The result? Healthier, happier families. Women who stay home with their children because they want to, not because they had no other choices. Men who parent full-time and empower their wives in the work place. Or men who work and still nurture and care for their children. Women who work and have better, more just family leave packages, because their male co-workers and bosses–guess what?–have kids at home to. Same-sex couples who raise children together and enjoy healthcare benefits and tax breaks, whether both partners are working or not…

OK, I’m getting ahead of myself in this utopian frame. But the blessed evolution is still taking place, little by little. And in its becoming, I think it fair to point out that men who stay at home with children are not simply substitute mothers.  Vocational or single dads are not sad proxys for the mother who is not around. Or “Mr Moms,” as they are called by some of those folks who mean no harm (and, some who do plenty of harm). Men as parents–whether they are home all day or coming in after work–have their own set of gifts to offer, their own brand of nurture, their own kinds of fun and wisdom to impart.

Case in point–when i am not home, my kids are getting drum lessons from their rock star dad. They get to bang on stuff all.day.long. And while i do love a joyful noise, mama’s patience for all that racket is thin. Especially after a day of work. So, rock on, drummer dad. Keep the beat. Less calamity for me when I get home.

Also, I find that my husband is a much better nurse than me when the kids are sick. It isn’t that I don’t care as much. He just seems to radiate a different level of empathy. He rocks a little longer, talks a little softer, hugs a little better. I mean, I do ok if he’s not around, but trust me… if i was sick, i’d rather have him than me.

There is more music when dad is home, more outside time, and more active play. And I will readily admit, the house is a heck of alot cleaner when he’s been home all day than after a day of me at the healm. I think it’s because his arms are so much longer than mine…makes him way better at multi-tasking.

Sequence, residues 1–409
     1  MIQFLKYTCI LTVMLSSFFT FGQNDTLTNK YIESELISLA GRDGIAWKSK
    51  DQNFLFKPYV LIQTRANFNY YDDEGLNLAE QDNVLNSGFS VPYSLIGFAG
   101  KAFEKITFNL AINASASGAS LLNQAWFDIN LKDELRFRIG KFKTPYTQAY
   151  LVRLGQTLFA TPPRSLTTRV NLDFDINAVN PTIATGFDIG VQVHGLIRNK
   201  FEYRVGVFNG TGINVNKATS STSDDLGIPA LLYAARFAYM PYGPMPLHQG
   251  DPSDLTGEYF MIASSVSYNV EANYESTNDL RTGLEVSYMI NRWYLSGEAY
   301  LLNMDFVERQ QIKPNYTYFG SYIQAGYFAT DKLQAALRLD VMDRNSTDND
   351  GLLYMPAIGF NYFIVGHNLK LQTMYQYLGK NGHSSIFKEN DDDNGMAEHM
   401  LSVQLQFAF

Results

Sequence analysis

Dads do not somehow have to transform into women just because mom left the building–whether for the day or for an hour.

Every family is different. Every family should know who has gifts for what, and feel empowered to order life accordingly. Here’s lifting up the hope that, slowly but surely, the world is coming to see that we don’t all fit so easily into little boxes of gender-specific talents and strengths.

Thanks, Tide. Thanks, Ikea. Thanks, Modern Family and Up All Night.  You make it a little easier–not to mention more hilarious– when people look at my family like we’re the rare birds that we are…

**A disclaimer: when I say “Stay-home mom or dad,” i know that those folks do not always, in fact, stay home, but have play groups, errands, appointments, and lives outside of that role. I also know that parents who work outside the home are still “full-time parents;” It’s not like you quit being a mom or dad the minute you step away from the kids. Language is a tricky thing. But you know what i mean. I hope it is clear from the rest of the post that i am all for everybody pretty much doing whatever the *%&$ they want and think is best for their family…